• Social outcome charts have social risks. The dichotomous electoral maps are a super common convention for showing presidential election outcomes. At first glance, they don’t seem obviously sketchy. But unlike other topics we might analyze with data, when charts show outcomes about people, especially when they’re split by some social identity (like political party), we should be aware of unexpected side effects. 
  • People are not monoliths. People are weird, diverse, and complex, especially in their attitudes. Given any big group of people, even if they have one thing in common (e.g. the state they live in, their race, their profession, etc.), their attitudes and other outcomes will still vary widely within the group. If you don’t show variability in a chart or map, viewers will assume it’s not there and stereotype them, often to toxic effect.

Election forecasting

The maps in the last study showed votes from previous elections. However, most campaign coverage is forward looking, attempting to predict the results of an upcoming election. 

A bar chart, featured on the New York Times’ homepage on July 31st, 2023, showing election polling results for the 2024 Republican primary for president. How might charts like these influence Republican primary voters?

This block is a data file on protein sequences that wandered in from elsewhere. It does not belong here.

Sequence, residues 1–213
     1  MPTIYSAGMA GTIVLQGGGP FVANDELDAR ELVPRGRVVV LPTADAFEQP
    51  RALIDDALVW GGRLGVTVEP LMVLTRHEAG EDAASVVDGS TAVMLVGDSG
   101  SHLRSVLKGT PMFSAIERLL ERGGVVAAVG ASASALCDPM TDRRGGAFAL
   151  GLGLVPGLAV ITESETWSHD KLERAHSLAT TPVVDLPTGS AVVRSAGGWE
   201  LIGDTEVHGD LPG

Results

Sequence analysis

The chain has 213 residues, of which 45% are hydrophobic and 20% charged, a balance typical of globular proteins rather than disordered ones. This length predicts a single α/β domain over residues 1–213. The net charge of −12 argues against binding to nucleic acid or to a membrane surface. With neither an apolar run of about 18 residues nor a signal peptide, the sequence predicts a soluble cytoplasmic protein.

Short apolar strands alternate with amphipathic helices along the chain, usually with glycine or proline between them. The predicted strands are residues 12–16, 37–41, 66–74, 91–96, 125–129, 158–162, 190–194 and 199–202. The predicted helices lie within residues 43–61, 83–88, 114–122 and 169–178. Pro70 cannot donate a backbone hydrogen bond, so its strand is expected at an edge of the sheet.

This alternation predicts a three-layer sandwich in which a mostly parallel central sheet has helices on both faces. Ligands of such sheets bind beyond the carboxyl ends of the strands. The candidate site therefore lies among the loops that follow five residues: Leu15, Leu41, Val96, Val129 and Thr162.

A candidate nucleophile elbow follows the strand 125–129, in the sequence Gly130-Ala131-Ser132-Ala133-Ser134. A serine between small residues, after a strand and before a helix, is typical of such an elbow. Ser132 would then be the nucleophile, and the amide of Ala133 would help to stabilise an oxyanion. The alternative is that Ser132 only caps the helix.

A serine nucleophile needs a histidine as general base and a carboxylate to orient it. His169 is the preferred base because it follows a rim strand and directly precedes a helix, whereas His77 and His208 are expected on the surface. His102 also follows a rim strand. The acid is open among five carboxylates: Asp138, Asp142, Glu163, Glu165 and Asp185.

The chart above is from the July, 2023 Times / Siena election poll, looking at U.S. Republican primary voters’ candidate preferences. This poll made the front page of the Times’ website on four separate days last summer. Their October, 2023 election poll enjoyed similar front-page treatment. Same for this latest poll from December, 2023.

Election polling often gets the top spot because it’s compelling content. As renowned American (data) journalist Philip Meyer explained, “The most interesting fact about an election is who wins. The most interesting thing about a campaign at any given moment is who is ahead.” 

Despite their popularity, election polls can be quite sketchy. So sketchy, in fact, that since 2016, Pew and Gallup walked away from the process entirely. Some countries like France, Spain and Canada have even banned polling results from the media in the days before an election.